Cabinet will discuss a budget report which highlights the financial position the council is currently in with actions for how to address the position for 2023/24 and for 2024/25 onwards.
The report, which will be discussed on Monday 18 September (Cabinet papers, agenda item 7), looks at the council's finances up to the end of July 2023 (four months into the financial year), and highlights the unprecedented pressures facing the council and the full year impact if nothing is done.
The main proportion of all the council's costs goes towards the support and care of vulnerable adults, children and their families. The report outlines in detail, the challenging financial position the council is in, with rising service costs from high inflation levels, increasing demand on services and the increased complexity of vulnerable adults, children and families needing support.
Cllr Tony Cox, leader of the council said: “It highlights clearly in the report that nationally many councils are struggling with their financial position this year and the issue of a S114 notice which was once unheard of, is looking like a real possibility for a number of councils.
“Whilst we aren't in that position in Southend, we need to take the warning signs seriously and do everything we possibly can to adjust our overall finances to take into account the significant additional pressures so that we operate within our means.”
Key actions outlined in the report to improve and reduce the predicted overspend include:
- a continuation of the ‘dozen principles’ being used to help contain spending and generate income
- intensive budget management for each service area, with responsibility for delivering additional savings and creating extra income
- a service transformation programme across the organisation to improve efficiency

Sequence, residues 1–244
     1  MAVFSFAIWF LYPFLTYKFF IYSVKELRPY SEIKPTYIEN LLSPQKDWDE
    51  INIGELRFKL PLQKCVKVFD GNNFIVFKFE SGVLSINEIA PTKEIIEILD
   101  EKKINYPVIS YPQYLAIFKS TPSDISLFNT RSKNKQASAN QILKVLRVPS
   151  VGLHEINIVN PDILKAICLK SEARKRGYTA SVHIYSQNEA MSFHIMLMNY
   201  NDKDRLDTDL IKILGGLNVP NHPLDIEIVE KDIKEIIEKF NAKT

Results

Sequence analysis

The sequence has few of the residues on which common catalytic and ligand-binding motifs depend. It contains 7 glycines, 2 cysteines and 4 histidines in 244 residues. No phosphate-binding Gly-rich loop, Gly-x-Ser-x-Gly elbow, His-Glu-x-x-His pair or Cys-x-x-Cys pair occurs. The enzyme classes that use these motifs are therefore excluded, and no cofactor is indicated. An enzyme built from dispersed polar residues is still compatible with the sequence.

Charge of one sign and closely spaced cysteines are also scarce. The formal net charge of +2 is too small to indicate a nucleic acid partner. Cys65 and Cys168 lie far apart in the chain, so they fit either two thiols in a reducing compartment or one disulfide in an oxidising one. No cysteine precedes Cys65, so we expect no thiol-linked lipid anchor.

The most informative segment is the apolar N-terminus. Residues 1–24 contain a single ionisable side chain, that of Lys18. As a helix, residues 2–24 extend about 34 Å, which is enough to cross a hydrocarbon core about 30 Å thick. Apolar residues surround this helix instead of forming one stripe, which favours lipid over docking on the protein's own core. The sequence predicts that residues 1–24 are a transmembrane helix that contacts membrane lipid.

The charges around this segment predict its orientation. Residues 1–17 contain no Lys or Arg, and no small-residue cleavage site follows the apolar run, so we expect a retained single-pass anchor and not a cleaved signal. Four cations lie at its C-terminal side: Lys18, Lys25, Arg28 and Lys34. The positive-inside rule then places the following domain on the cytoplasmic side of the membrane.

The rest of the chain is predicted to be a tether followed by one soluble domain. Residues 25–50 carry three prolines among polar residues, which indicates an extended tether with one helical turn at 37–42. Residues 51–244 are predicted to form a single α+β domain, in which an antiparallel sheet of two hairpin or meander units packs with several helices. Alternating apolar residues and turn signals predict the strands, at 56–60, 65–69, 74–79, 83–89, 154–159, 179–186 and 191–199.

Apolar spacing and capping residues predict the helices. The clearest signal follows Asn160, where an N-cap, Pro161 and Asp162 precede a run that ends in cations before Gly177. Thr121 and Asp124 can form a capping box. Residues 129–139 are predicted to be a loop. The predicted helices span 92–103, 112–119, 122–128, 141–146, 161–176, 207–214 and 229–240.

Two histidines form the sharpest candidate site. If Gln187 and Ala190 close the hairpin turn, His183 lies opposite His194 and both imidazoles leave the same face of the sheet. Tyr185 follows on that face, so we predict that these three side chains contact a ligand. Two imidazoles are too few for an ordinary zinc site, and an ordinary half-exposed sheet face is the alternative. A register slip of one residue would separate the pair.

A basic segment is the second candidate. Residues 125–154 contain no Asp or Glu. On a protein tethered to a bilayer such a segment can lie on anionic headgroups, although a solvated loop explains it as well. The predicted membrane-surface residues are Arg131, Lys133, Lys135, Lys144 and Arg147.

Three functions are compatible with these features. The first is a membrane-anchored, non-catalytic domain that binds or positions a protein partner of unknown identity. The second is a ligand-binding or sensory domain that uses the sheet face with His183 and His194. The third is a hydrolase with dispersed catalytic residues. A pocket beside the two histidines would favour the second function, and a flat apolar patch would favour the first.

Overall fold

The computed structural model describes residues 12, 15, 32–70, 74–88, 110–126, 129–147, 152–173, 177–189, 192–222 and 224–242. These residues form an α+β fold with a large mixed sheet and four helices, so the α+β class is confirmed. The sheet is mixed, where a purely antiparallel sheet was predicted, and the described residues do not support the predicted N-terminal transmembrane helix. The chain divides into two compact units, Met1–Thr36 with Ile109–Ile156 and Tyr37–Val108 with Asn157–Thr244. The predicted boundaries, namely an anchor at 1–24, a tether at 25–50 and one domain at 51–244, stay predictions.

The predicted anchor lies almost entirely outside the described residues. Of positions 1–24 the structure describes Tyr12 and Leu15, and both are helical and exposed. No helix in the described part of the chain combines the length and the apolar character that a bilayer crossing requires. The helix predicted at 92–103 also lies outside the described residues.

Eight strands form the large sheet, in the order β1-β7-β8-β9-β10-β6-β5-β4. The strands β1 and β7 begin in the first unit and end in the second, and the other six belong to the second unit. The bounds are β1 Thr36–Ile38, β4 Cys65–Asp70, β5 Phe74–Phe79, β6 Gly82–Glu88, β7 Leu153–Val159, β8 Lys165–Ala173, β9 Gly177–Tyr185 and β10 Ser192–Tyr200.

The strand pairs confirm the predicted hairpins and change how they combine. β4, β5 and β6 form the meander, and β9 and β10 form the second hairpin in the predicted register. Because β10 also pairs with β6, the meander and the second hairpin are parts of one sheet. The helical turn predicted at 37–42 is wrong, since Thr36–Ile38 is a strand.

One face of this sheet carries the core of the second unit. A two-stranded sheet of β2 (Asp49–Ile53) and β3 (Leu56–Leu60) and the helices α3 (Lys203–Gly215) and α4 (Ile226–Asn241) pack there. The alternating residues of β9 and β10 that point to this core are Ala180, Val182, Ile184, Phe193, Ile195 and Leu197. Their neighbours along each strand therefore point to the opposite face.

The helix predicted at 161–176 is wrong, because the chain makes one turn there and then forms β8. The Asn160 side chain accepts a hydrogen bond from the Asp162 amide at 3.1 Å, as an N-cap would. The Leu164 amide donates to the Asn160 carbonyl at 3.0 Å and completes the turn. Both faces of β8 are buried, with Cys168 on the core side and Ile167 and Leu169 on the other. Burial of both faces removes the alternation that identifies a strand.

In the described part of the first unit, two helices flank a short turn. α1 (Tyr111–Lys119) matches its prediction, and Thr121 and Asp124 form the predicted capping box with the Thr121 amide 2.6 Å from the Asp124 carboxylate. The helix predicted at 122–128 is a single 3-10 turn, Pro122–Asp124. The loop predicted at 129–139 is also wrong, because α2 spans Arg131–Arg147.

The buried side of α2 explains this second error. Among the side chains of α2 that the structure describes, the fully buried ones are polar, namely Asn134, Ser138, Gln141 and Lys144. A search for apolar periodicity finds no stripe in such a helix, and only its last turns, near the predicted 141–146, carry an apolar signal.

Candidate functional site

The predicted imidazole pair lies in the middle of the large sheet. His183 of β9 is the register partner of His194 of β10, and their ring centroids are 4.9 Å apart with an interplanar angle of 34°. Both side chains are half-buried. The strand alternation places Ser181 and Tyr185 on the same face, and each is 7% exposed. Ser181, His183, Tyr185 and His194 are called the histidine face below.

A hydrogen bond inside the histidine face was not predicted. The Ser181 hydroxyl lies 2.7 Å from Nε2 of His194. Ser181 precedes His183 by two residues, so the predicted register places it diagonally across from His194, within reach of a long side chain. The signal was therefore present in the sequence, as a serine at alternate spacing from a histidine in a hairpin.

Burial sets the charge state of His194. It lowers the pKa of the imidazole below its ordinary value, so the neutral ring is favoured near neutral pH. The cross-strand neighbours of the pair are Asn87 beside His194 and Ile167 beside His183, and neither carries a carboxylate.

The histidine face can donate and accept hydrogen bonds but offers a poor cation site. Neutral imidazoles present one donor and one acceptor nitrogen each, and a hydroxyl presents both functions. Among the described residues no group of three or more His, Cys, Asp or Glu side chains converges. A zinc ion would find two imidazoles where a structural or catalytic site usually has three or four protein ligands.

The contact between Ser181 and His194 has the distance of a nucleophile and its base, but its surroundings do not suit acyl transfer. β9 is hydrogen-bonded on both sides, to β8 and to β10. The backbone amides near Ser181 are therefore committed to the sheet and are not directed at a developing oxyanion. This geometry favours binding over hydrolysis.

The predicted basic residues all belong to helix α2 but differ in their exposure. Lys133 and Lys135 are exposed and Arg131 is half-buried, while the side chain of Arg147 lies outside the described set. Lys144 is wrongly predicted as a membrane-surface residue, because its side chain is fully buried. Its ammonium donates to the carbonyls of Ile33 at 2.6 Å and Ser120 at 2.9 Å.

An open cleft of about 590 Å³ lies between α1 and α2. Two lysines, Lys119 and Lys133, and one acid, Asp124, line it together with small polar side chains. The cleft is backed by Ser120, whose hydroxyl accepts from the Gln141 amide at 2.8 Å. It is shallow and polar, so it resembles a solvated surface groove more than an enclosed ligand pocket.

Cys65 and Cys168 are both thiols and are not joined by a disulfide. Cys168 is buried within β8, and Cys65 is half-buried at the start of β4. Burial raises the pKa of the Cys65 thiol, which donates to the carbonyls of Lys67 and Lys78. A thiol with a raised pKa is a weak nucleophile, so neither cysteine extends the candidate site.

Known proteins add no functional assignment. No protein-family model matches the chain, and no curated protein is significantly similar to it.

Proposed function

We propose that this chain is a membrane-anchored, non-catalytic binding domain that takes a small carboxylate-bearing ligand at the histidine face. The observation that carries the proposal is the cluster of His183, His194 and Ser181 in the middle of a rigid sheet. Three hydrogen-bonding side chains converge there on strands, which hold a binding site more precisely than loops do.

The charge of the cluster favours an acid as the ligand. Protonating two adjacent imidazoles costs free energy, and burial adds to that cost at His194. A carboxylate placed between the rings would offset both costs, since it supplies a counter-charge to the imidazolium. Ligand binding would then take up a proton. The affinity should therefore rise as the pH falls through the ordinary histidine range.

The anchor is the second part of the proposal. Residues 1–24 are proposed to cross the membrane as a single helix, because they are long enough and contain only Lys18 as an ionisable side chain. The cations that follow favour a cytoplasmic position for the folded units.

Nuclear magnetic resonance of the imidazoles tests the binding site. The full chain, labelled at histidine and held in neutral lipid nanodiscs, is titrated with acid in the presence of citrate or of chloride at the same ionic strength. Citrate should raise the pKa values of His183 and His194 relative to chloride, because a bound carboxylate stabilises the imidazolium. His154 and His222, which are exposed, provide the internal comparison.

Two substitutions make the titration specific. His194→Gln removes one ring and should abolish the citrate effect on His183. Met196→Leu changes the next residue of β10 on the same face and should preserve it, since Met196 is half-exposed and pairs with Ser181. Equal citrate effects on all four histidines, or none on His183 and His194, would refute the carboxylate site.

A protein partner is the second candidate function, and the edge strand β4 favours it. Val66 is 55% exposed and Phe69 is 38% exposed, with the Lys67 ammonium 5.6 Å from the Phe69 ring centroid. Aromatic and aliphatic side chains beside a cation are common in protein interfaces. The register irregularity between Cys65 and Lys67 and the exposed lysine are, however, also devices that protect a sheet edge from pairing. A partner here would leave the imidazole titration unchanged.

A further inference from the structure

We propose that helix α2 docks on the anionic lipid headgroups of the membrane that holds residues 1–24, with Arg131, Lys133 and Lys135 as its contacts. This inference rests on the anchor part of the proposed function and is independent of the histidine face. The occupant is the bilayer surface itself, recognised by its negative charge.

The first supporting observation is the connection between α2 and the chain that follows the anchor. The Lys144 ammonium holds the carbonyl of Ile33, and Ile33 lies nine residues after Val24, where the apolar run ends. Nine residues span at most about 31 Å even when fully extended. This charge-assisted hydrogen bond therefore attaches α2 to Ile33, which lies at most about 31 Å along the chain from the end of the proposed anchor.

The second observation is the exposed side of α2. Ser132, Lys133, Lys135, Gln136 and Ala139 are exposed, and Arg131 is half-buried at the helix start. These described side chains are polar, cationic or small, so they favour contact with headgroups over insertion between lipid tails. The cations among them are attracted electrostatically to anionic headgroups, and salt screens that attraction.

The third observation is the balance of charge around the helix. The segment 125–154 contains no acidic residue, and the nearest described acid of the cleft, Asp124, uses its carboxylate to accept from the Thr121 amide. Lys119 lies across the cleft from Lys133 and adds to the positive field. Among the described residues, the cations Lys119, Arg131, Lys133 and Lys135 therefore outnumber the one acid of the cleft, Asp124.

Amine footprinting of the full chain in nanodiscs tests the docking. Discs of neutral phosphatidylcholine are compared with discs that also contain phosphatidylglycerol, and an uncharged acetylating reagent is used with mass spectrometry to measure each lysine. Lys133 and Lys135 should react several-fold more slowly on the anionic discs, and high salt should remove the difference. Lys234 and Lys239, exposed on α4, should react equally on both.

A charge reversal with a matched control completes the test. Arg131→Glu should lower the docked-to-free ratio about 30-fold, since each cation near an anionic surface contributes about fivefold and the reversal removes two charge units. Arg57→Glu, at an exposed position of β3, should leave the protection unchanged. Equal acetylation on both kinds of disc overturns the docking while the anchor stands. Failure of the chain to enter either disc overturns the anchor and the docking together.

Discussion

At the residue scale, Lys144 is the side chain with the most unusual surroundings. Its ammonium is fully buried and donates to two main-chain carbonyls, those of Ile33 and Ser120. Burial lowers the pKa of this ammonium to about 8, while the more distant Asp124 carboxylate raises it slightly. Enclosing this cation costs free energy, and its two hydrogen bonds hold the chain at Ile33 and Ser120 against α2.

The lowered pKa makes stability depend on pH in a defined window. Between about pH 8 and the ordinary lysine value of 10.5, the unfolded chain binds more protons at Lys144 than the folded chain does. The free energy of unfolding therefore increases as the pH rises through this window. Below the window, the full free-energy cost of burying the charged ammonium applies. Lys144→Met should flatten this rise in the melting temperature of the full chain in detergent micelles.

- budget challenge sessions for each departmental area to identify options for correcting the 2023/24 budget position
Tougher measures are also outlined as a further possibility if the above measures do not work. They include; essential spending only, recruitment freeze, demand management for services, increased charges to some services, removing financial subsidies from some services, managing to statutory levels, and reviewing current buildings and underused frontline services, such as children centres, libraries, leisure etc.
Cllr Cox added: “We have a statutory duty to look after our most vulnerable residents, but the number of referrals, costs of services and complexity of needs are causing budgets to overspend.
“The financial pressures and soaring costs that everyone is experiencing individually in their homes is also being experienced by the council, creating extra unprecedented pressure. Urgent review and regular financial reporting will give us a much better understanding of where we are and what we need to do, but more importantly, how we do it.
“As I made clear in my leader's statement at full council, this is a financial position that we, as a cabinet, have inherited. Now we are challenged with setting it right and this includes lobbying Government for a fairer deal and more funding. We have some tough decisions ahead of us, but I truly believe if the council's members of all political persuasion and officers all pull together, for the greater good of the city, then we can get through this and ride the storm to calmer financial seas.”